Fullington v. Pfizer Inc et al
OPINION AND ORDER that defts' 78 Joint Motion to Dismiss is GRANTED, except as to pltf's claim of inadequate warning against PLIVA for the period after February 2009; as to that claim, the defts' motion to dismiss is converted to a motion for summary judgment; pltf will have 14 days from the entry of this Order to present evidence that she consumed PLIVA's metoclopramide after February 2009. Signed by Chief Judge J. Leon Holmes on 5/23/12. (vjt)
IN THE UNITED STATES DISTRICT COURT
EASTERN DISTRICT OF ARKANSAS
No. 4:10CV00236 JLH
PLIVA, INC., formerly known as
Pliva USA, Inc.; and MUTUAL
PHARMACEUTICAL COMPANY, INC.
OPINION AND ORDER
Joyce Fullington developed tardive dyskinesia after taking the prescription drug
metoclopramide from April 2008 until April 2009. She then brought this action against the
manufacturers of the brand-name and generic forms of metoclopramide. In a previous order, the
Court granted summary judgment in favor of the brand-name manufacturers because it is undisputed
that Fullington did not use their product. In light of the Supreme Court holding in PLIVA, Inc. v.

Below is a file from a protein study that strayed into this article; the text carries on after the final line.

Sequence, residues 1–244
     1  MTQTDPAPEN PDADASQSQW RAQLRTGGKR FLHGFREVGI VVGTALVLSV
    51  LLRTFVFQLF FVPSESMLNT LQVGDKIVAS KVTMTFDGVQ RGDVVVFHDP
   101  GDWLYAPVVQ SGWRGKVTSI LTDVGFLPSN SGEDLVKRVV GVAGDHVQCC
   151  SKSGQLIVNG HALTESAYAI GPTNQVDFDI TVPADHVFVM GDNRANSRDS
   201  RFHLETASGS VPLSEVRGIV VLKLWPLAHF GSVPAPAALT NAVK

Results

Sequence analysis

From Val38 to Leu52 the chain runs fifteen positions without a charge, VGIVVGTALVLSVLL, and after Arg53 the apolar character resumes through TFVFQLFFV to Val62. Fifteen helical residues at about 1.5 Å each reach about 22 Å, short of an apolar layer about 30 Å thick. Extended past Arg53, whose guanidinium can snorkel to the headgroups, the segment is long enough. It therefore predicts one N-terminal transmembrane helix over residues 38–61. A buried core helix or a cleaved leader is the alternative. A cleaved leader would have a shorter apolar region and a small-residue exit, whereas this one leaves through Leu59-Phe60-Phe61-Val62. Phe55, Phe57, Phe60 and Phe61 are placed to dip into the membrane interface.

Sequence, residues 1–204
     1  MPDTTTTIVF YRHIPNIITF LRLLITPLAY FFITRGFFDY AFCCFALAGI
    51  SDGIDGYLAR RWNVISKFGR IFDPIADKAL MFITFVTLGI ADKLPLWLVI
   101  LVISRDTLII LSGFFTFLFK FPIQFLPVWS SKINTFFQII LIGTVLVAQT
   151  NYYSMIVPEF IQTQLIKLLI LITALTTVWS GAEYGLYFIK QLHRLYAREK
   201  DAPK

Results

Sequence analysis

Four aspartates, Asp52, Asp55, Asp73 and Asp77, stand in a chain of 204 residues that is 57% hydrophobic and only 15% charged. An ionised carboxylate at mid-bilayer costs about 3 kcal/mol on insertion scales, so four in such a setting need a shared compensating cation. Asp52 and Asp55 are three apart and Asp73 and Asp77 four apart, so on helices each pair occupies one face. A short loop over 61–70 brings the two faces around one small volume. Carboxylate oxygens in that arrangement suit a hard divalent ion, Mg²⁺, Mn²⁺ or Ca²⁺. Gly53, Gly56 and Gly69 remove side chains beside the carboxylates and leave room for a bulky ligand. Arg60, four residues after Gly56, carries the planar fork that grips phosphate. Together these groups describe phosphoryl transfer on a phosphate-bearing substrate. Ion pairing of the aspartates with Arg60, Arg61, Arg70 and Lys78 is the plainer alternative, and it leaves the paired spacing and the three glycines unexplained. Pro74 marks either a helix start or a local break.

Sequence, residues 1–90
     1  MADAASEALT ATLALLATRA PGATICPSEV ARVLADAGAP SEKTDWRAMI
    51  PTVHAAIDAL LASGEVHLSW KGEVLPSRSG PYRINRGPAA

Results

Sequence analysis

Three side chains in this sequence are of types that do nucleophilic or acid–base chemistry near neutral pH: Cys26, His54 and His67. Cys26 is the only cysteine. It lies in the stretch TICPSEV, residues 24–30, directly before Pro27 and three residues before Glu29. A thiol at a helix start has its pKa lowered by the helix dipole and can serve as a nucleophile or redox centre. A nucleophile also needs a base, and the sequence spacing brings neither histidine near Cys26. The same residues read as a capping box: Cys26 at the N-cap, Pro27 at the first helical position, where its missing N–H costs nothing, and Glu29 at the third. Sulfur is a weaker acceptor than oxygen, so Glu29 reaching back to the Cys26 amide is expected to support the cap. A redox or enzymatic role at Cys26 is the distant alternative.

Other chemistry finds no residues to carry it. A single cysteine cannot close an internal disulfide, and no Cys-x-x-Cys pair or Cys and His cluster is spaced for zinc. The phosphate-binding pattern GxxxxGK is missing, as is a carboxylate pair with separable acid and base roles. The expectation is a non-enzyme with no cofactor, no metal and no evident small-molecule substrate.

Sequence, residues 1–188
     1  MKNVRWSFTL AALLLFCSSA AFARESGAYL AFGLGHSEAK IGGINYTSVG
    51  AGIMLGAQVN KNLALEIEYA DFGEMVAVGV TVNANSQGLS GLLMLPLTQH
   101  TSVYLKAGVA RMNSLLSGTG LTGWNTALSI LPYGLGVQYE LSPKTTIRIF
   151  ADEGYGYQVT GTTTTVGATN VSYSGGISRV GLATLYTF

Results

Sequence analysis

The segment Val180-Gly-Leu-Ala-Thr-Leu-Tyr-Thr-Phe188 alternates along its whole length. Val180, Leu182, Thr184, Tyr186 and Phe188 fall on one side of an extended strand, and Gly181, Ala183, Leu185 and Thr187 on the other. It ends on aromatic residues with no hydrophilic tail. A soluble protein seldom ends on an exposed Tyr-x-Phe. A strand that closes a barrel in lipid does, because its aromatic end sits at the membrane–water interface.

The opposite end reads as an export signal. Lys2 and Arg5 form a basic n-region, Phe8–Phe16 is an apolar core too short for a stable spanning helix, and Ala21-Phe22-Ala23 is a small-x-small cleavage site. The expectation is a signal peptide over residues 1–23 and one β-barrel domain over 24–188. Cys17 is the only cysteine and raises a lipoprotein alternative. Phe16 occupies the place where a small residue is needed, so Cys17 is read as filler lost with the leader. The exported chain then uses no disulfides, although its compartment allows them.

Mensing, --- U.S. ---, 131 S. Ct. 2567, 180 L. Ed. 2d 580 (2011), that all state-law causes of action
against generic manufacturers for failure to warn are preempted, the Court thereafter granted a
motion to dismiss filed by generic metoclopramide manufacturers PLIVA, Inc. and Mutual
Pharmaceutical Company, Inc. Fullington has now filed an amended complaint, and the generic
manufacturers have again moved to dismiss the action pursuant to Rule 12(b)(6) of the Federal Rules
of Civil Procedure. For the following reasons, the motion to dismiss is granted, except as to
Fullington’s failure-to-warn claim against PLIVA for the period of time after February 2009. On that
claim, PLIVA’s motion will be converted to a motion for summary judgment, and Fullington will be
given an opportunity to present evidence in opposition to the motion.
The pleading standards and the correlative standards for ruling on a motion to dismiss under
Rule 12(b)(6) are well known. A complaint must contain “a short and plain statement of the claim
showing that the pleader is entitled to relief.” Fed. R. Civ. P. 8(a)(2). While Rule 8(a)(2) does not
require a complaint to contain detailed factual allegations, it does require a plaintiff to state the
grounds of his entitlement to relief, which requires more than labels and conclusions. Bell Atl. Corp.
v. Twombly, 550 U.S. 544, 555, 127 S. Ct. 1955, 1964-65, 167 L. Ed. 2d 929 (2007). In ruling on